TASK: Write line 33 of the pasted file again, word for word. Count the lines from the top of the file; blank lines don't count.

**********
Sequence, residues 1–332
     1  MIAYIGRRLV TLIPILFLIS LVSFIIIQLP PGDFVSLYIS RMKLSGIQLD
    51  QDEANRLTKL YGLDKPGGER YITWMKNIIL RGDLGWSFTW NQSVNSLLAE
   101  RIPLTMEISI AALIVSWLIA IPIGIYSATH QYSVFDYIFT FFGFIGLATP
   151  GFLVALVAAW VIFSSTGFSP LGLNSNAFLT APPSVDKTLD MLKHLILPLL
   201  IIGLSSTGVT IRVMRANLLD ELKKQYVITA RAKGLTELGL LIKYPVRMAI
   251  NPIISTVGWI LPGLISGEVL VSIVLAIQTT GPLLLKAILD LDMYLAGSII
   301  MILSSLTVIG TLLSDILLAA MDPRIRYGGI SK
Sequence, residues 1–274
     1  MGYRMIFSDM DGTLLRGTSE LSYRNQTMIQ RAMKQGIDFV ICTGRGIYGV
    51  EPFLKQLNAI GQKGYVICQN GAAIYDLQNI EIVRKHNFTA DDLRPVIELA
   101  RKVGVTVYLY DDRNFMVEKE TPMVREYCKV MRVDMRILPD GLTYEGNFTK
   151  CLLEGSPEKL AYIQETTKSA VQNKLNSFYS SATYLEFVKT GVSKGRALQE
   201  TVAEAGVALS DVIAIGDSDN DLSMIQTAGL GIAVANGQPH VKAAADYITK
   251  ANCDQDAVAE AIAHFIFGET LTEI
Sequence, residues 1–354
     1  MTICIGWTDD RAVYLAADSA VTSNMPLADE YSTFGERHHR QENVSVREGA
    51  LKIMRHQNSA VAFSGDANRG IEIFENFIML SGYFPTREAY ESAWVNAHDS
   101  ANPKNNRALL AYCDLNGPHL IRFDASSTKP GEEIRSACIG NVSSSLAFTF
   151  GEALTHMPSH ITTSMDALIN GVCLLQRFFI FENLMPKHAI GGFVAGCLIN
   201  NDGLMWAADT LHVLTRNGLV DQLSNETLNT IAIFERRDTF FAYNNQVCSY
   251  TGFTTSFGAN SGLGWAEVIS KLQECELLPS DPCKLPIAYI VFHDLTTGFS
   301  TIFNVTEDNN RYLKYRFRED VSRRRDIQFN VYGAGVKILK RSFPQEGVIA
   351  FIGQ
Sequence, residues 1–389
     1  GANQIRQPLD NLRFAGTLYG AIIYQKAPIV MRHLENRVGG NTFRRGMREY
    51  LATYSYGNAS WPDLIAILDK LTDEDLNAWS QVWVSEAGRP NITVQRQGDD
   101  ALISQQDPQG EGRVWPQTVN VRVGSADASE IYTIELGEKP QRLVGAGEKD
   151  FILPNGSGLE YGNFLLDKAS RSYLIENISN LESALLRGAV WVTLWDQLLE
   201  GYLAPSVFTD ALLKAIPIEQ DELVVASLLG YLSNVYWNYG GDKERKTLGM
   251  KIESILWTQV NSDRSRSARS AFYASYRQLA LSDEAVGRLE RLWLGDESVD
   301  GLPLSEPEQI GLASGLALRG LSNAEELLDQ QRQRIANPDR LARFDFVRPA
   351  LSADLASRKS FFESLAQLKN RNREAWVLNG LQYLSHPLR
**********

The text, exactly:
   351  LSADLASRKS FFESLAQLKN RNREAWVLNG LQYLSHPLR